as shaitans, or "Satans." This was done, again "under the influence of
their preachers." The native clergy, it seems, where also ex-Hindus
afflicted with the Naipaulian "neurosis."
On the whole, no one can deny that through the efforts of Christian
evangelists, thousands of people across the developing world have been
fed and clothed. But the question remains, when the benefits of
mission work are weighted against the social costs of aggressive
proselytizing, are the peoples of the Unreached Bloc better or worse
off for having Christian missionaries in their midst?
One has to wonder. According to the World Evangelization Research
Center (WERC), there are more than four thousand mission agencies.
Collectively they operate a huge apparatus, manned by some 434,000
foreign missionaries wielding an annual global income of eighteen
billion dollars. And yet, for all the money that is spent--an
astonishing average of $359,000 for every person baptized--the
benefits of evangelism are meager. Even harsher realities are
revealed by WERC research, which finds that most plans to evangelize
the world have fallen "massively short" of stated goals and reveal
that church embezzlement equals the annual global income of the
Meanwhile, the quality of life for India's Christian population
remains dismal. Despite "crocodile-tears for the oppressed," says
Edamaruku, and contrary to apologists' frequent boast that
Christianization brings justice and equality to the "untouchables,"
dalits who convert find that as Christians, they remain "as
'untouchable' as they had been as Hindus." While more than 75
percent of the Catholics in India are dalits, dalits make up less than
5 percent of Indian priests. Most priests come from upper castes. The
vast majority of the church hierarchy is upper caste also, a fact
bitterly lamented by Christian "untouchables."
Undeterred, Christendom forges ahead with its drive to plant churches.
As Paul tells us, the Vatican planned to add forty percent to its
missionary budget for India in 2003. "That could mean a lot of
rupees," he says. "More churches will be built in India, thus more
converts." That those rupees could be spent on more productive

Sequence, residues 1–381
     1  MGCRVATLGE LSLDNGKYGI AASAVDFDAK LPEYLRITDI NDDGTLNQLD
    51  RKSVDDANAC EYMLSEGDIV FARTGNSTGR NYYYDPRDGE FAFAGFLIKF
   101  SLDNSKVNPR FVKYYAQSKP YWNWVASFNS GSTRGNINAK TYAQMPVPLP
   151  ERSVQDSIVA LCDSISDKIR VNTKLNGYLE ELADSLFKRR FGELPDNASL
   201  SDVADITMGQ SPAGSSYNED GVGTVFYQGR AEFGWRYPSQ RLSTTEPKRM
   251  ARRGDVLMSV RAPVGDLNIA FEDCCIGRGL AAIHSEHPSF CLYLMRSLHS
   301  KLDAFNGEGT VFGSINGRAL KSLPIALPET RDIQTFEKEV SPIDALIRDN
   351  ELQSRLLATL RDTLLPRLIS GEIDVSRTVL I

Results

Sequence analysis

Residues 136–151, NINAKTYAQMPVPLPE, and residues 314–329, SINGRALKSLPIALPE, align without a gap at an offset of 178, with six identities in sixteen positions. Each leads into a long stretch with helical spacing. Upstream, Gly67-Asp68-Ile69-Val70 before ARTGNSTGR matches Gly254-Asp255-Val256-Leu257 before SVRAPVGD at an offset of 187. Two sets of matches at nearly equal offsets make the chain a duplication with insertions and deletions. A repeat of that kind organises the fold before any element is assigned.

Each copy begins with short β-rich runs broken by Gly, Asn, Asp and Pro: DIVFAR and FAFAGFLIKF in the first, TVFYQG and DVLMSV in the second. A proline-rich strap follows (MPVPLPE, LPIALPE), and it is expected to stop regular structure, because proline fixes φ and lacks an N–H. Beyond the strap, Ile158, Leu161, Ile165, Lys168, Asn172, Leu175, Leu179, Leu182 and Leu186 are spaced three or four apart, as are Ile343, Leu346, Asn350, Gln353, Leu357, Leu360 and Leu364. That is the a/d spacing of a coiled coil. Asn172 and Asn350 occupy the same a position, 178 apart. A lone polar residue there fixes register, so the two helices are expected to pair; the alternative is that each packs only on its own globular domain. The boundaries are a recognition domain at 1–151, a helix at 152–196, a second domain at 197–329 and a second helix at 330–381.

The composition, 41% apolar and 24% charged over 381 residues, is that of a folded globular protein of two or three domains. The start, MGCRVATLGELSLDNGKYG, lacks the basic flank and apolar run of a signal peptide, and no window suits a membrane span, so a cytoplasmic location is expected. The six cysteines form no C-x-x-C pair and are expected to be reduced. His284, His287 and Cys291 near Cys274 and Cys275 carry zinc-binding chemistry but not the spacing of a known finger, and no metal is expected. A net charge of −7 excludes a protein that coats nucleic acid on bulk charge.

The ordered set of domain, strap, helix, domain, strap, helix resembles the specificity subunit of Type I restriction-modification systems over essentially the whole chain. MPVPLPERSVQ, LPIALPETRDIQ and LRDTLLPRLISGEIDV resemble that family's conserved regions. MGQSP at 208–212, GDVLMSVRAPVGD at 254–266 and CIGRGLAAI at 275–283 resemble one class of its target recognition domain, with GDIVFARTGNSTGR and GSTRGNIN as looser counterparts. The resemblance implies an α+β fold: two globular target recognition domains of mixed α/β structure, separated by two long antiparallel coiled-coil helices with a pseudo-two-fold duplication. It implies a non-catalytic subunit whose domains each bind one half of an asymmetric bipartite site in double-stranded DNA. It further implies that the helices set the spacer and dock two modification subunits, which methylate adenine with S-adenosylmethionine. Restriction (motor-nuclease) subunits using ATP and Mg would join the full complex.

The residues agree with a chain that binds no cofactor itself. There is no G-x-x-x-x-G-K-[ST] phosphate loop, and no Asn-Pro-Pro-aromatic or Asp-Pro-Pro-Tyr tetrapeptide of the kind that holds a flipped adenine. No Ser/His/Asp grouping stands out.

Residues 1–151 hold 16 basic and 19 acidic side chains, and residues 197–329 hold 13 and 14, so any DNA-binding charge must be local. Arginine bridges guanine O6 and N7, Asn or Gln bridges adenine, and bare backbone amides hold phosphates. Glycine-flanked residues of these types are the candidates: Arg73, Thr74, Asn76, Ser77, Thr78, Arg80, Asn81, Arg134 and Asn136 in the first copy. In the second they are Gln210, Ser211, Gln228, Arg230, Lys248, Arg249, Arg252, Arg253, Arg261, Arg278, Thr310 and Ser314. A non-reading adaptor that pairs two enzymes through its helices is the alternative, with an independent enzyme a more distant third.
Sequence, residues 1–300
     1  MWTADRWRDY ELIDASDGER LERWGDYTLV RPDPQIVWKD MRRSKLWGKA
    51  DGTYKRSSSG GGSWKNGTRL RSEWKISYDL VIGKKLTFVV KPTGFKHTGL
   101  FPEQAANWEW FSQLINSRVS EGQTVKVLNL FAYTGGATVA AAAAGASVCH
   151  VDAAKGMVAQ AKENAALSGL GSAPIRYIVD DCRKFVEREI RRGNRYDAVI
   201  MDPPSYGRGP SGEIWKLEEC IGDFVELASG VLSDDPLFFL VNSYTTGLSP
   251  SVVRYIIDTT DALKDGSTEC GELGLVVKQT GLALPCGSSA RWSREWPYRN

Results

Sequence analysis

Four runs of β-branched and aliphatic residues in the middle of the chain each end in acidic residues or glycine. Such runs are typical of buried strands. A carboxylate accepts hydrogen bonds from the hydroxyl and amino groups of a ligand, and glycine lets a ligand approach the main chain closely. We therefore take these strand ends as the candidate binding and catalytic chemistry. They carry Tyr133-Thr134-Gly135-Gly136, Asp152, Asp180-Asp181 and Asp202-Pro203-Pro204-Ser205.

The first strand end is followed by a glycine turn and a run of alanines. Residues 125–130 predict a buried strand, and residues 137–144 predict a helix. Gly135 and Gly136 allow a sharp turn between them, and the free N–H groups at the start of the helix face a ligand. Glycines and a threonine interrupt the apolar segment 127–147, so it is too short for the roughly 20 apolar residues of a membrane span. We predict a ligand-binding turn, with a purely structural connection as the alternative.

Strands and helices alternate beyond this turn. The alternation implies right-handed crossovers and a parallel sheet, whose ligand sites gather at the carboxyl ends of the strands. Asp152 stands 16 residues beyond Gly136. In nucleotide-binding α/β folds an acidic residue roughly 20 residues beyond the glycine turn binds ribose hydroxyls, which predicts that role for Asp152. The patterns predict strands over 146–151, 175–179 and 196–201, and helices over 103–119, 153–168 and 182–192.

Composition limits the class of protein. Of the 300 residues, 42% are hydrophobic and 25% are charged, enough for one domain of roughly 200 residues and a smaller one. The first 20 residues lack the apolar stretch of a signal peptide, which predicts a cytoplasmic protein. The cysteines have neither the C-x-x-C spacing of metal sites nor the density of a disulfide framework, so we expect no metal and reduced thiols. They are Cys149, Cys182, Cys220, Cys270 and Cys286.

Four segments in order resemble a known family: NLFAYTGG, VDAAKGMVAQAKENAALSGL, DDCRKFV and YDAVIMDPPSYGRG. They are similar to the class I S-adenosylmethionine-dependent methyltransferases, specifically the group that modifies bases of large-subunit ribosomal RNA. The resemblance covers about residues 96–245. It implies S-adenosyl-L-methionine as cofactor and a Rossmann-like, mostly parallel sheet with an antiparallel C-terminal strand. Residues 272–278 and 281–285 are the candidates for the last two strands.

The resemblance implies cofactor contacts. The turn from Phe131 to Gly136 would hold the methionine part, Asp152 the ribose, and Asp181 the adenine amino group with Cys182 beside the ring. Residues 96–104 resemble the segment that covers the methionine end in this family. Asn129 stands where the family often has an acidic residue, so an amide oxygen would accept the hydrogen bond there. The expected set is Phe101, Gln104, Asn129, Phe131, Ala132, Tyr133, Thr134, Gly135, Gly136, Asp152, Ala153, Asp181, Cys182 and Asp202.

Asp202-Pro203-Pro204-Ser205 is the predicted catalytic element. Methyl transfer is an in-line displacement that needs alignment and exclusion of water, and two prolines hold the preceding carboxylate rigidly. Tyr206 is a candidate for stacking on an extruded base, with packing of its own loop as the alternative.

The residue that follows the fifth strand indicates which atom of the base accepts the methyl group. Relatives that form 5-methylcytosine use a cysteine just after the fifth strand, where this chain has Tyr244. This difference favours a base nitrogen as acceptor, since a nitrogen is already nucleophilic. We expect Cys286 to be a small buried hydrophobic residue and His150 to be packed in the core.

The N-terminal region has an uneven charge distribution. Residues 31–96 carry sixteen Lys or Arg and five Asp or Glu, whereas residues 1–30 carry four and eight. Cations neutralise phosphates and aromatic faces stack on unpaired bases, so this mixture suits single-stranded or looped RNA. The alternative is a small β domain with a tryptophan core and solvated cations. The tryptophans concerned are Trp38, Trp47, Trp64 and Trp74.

endeavors does not occur to him.
Even the assertion that mere exposure to Western ideas and
institutions provides some benefit holds little water, particularly
when the principal effect of mission work is to replace one set of
superstitions with another. Tales of miraculous healings, even
exorcisms, are frequently found in evangelical newsgroups. In a
typical testimonial, an ex-Hindu claimed that, after losing her sight
following a fever, her husband had practiced Hindu "witchcraft" on her
but could not heal her. But, after "accept[ing] the Good News" and
taking a vow "never to worship idols," the woman "felt a touch" on her
eyes and was miraculously made to see. "Now," she says, "I am all
right and all my family members have accepted Jesus Christ."
This is hardly the fruit of Western "enlightenment." In the end,
evangelism seems to offer little more than an exchange of idolatry for
bibliolatry, gods for devils, and magic for dogma. Meanwhile, families
are ruptured, division sown among communities, and ancient traditions
no less valid or holy than those striving to replace them are
disparaged for the sake of a jealous ideology bent on homogenizing the
It is not widely advertised in the West that Gandhi, that icon of
compassion and self-sacrifice, detested proselytizing. In his
Collected Works, he states categorically that "the idea of conversion
... is the deadliest poison which ever sapped the fountain of
truth." If missionaries could not conduct service for its own
sake, he said, if the price of their charity was conversion, he
preferred that they would quit India altogether. This was a man who
was neither a Hindu "fundamentalist" nor extremist. And he well knew
the suffering and need of his poorest countrymen.
Nonetheless, missionaries in the field remain ever optimistic, albeit
misguided, about what they are doing. "I do admit our means of
conversation are almost horrible in nature," admits our friend Paul,
"but I suppose we are doing this for a reason." Self-doubt seems to
hover in his words, but he then finds harbor in a familiar rationale.
"The reason is Christ. It is honorable."